China Eyes Cheap Russian Oil to Fill Strategic Reserves

China is discussing with Russia for cheaper oil imports as it seeks to refill its strategic oil reserves. It signals China’s intentions to strengthen energy cooperation with Russia, at a time when Europe works toward banning imports due to Moscow’s attack on Ukraine.

Beijing has been discussing with Moscow for additional supplies, which it plans to use for filling its strategic petroleum reserves. The talks are being conducted at the government level with little involvement from oil companies.

Following Russia’s invasion of Ukraine, oil prices have rallied but the price of Russian oil has plummeted as buyers try to stay clear from it in order not to damage their reputation or being swept up in financial sanctions. That creates an opportunity for China to cheaply replenish its vast strategic reserves, which are typically tapped during times of emergencies or sudden disruptions.

Details on volumes or terms of a potential deal haven’t been decided yet, and there’s no guarantee an agreement will be concluded.

The U.S., the UK and Canada placed bans on Russian oil imports and the EU works toward a similar step. However, Russian oil still flows to willing buyers, particularly India and China. Asian nations find heavily discounted oil is an opportunity too good to pass up.

Refiners in China have kept buying Russian crude since the invasion although strict Covid-19 lockdowns in China have dented consumption. Apparent oil demand last month slumped 6.7% year-on-year as strict lockdowns confined millions to their homes. The outbreak has capped further gains in oil prices, although Brent is still up more than 40% this year.

It is estimated that overall stockpiles of China are at 926.1 million barrels, up from 869 million barrels in mid-March, but still 6% lower than a record in September 2020. By comparison, the US Strategic Petroleum Reserve has a capacity of 714 million barrels. It currently holds about 538 million barrels.

China has sold some crude from its strategic reserves last year in a joint effort suggested by the U.S. to tame skyrocketing prices. The action had little impact and caused China to restock at higher prices.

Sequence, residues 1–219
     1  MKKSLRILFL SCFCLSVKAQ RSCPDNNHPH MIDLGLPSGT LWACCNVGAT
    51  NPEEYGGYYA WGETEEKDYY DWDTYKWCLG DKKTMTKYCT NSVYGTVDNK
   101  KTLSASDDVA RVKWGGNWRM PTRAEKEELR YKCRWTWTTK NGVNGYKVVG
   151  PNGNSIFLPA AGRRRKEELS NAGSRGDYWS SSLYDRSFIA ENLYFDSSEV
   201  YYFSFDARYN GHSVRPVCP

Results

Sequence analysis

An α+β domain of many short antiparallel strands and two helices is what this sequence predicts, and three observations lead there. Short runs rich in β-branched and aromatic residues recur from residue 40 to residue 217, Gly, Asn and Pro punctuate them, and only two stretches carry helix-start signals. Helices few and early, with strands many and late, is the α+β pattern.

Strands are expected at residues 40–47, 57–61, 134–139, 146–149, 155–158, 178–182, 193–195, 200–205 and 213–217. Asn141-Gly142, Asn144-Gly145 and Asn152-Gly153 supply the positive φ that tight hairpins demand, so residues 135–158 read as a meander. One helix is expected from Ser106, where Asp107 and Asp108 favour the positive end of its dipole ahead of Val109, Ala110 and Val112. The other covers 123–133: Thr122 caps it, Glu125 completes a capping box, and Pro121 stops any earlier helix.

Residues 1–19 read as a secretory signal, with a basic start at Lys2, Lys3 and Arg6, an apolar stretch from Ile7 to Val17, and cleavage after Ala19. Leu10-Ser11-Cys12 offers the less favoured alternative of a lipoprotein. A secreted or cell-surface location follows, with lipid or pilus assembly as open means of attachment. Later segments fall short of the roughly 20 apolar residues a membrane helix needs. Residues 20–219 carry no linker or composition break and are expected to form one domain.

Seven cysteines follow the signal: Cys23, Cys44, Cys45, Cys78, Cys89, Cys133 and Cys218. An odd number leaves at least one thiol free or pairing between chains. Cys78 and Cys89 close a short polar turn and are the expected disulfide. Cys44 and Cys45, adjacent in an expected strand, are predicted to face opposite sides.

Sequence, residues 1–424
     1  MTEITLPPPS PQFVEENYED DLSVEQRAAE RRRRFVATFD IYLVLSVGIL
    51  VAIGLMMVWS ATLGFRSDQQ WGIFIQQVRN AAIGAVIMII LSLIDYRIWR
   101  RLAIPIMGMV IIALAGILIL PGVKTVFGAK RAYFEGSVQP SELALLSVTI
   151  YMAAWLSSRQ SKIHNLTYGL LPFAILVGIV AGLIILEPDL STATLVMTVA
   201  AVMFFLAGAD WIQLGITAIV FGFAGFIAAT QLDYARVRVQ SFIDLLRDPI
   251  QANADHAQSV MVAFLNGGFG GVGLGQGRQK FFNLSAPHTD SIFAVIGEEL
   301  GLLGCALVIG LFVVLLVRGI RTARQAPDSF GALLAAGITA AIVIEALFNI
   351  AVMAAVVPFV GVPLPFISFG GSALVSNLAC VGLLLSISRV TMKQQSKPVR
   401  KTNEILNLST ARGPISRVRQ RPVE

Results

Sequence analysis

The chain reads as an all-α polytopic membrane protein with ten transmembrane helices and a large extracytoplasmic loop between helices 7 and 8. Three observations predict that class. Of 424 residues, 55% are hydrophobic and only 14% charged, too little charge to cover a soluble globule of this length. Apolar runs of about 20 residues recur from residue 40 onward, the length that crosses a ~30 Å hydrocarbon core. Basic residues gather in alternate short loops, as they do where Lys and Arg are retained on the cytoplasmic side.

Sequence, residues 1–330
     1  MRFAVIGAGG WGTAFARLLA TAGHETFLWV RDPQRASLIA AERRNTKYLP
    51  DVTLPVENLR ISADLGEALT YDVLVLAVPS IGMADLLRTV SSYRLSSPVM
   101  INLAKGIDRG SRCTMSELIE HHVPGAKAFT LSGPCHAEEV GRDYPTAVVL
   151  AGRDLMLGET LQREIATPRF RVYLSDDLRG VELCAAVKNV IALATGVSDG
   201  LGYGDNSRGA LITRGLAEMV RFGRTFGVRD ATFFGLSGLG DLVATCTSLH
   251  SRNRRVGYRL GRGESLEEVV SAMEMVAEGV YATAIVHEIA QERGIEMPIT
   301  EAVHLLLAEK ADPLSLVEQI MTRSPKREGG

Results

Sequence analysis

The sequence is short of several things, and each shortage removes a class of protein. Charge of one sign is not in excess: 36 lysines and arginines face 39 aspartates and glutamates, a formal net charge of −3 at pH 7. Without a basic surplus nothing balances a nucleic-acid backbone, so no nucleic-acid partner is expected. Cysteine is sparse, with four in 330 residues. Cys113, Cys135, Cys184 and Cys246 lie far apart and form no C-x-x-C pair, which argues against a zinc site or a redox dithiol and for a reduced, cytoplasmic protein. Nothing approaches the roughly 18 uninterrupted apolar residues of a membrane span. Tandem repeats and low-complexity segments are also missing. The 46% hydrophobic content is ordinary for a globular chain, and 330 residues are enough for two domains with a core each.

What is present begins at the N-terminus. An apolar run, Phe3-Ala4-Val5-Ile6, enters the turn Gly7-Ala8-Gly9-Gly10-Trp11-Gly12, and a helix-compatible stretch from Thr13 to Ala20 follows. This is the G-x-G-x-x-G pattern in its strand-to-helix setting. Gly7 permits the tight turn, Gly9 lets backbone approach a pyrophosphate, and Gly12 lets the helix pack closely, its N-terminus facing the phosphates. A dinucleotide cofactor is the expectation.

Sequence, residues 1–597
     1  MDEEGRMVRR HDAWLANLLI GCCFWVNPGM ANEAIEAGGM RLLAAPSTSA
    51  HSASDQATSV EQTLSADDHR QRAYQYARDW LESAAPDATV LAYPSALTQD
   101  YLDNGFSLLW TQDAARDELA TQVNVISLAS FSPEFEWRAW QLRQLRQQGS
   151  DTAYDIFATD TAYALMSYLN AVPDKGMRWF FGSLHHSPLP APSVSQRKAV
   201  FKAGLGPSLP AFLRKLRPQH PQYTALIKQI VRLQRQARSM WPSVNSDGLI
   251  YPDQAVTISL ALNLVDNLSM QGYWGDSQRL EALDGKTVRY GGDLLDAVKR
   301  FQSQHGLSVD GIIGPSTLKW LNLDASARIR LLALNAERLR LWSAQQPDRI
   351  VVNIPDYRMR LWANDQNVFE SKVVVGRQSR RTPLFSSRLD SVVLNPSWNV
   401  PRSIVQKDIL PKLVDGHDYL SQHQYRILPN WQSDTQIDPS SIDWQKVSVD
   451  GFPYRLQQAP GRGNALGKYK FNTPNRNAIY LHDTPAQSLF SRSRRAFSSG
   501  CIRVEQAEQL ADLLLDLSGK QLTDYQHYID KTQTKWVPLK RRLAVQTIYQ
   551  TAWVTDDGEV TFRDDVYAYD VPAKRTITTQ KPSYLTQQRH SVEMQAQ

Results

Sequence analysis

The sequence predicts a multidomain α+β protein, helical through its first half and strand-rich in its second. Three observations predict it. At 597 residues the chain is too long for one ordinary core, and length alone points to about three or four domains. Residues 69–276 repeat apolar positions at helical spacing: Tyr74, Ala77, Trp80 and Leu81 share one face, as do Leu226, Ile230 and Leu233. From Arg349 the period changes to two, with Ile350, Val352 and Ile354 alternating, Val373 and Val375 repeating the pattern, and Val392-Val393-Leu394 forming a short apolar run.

Need to access the insight?

Start your 7-day free trial now

Need to access the insight?

Start your 7-day free trial now

Need to access the insight?

Start your 7-day free trial now

Do you need to access special insights on this matter?

Start your 7-day free trial  and become a member today

Subscribe to Top Insights Today

Subscribe to Executive Newsletter Top Insights Today

The Executive Newsletter -Top Insights Today- puts global business events in perspective through special insights

Join the ranks of global executives and subscribe to Top Insights Today

Top Insights Today covers insights on energy, clean-tech, oil&gas, mining, rare earths, defense, aviation, infrastructure, manufacturing, electrical vehicles, big-tech, finance and politics of business

By clicking subscribe you agree to our privacy and cookie policy and terms and conditions of use.

Read more insights

Libya’s Oil Production Keeps Falling After Attacks

Libya said it expects its oil production to drop another 200,000 barrels/day after militias shut down the country’s biggest oil field, Sharara, which caused the output to fall by 350,000 barrels/day two weeks ago. The attacks will reduce Libya’s production to 700,000 barrels/day. 

Kenya Set to Elect a New Leader After 10 Years of Kenyatta Rule

Kenya is set hold elections on August 9 to choose a new president, parliament, county governors and assemblies. President Kenyatta will be stepping down after completing his constitutionally allowed 10 years. While many voters want change because of corruption and skyrocketing prices, both frontrunners have ties to Kenyatta. Among the two candidates, opposition leader Odinga has received Kenyatta’s endorsement, but Ruto has been his deputy president in the last decade before the two fell out.

Government Pushes Rolls Royce for Britain’s First Small Modular Nuclear Reactor

Rolls Royce set to build Britain’s first small modular nuclear reactor (SMR) after the government has committed 210 million pounds for the project in an effort to reach net zero carbon emissions. Britain has been planning to introduce more nuclear power as well as wind and solar to reach net zero emissions by 2050, but large scale nuclear projects have had difficulty finding investment. 

Stay informed

error: This content is protected !!